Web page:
An age-old problem: age bias in talent management
Age bias is alive and well in Australian workplaces, with more than seven in ten employers admitting an employee’s age can be a factor in talent management decisions.
These include development programs, promotional pathways and succession plans.
In a survey by recruiting experts Hays of 1352 employers, who could choose to remain anonymous, 12 per cent admitted that the age of an employee ‘always’ impacts what works for them in talent management terms.
Another 59 per cent said age is ‘sometimes’ a factor.
Just 29 per cent said an employee’s age has no impact on talent management decisions.
“This bias can work against employees of any age,” says Nick Deligiannis, managing director of Hays in Australia and New Zealand.
“A boss could view an employee as too young, too old or too close to parenting age when making talent management decisions.
“For instance, one manager may unconsciously question an older worker’s energy, innovation and longterm commitment, while another may unconsciously question a younger worker’s stability, capability and maturity.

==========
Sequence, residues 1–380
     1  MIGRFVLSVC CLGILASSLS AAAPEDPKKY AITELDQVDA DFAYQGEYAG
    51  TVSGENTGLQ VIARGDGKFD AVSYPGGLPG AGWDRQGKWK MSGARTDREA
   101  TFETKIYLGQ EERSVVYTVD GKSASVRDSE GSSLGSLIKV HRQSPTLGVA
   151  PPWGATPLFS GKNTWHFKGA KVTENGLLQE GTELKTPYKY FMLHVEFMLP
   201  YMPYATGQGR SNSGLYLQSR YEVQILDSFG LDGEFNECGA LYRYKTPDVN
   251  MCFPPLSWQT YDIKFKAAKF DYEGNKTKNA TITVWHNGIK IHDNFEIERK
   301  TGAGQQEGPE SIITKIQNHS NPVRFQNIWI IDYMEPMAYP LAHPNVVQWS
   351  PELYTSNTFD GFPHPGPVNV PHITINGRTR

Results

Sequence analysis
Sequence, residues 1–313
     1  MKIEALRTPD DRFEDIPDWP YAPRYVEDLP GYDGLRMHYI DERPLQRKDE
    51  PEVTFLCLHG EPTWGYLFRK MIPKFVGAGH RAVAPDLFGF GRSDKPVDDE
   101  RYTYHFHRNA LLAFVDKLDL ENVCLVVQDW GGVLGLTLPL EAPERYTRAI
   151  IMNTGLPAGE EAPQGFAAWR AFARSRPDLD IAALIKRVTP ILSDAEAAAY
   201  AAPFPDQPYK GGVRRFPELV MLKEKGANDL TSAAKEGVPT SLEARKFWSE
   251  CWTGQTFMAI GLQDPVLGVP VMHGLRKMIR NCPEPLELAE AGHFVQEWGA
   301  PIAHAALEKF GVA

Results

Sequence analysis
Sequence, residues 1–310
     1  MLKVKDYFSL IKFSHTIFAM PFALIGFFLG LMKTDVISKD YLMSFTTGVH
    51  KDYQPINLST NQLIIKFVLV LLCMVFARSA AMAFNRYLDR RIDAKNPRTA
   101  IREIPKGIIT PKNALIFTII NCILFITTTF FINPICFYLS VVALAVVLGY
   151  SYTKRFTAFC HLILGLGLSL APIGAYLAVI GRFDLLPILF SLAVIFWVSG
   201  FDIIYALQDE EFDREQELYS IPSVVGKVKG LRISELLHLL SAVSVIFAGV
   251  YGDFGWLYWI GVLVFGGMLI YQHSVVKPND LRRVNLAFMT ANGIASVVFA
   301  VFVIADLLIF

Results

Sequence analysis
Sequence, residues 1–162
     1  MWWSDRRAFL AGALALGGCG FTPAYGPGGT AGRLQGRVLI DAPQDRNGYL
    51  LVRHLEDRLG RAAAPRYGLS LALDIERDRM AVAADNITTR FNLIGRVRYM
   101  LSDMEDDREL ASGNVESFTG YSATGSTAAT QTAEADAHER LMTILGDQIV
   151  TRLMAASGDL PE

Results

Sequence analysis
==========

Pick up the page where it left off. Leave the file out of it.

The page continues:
“If you want to progress your career, our advice is to talk about your career goals and the development opportunities available to you with your manager.
“If it doesn’t come up in a formal review, request a meeting so you can communicate your ambitions.
“If your boss is aware of your career plan, they’re less likely to make assumptions based on your age or any other extraneous factor,” he said.
This has positives for a manager as well.
“By sitting down with an individual employee and talking about their career goals, ambitions and training and development needs, you remove your assumptions about a person from your talent management decisions.
“It may also help you identify a bias if you weren’t previously aware of it.”
CUTS BOTH WAYS: Age bias in talent management can affect workers at both ends of the age spectrum – and sometimes in between.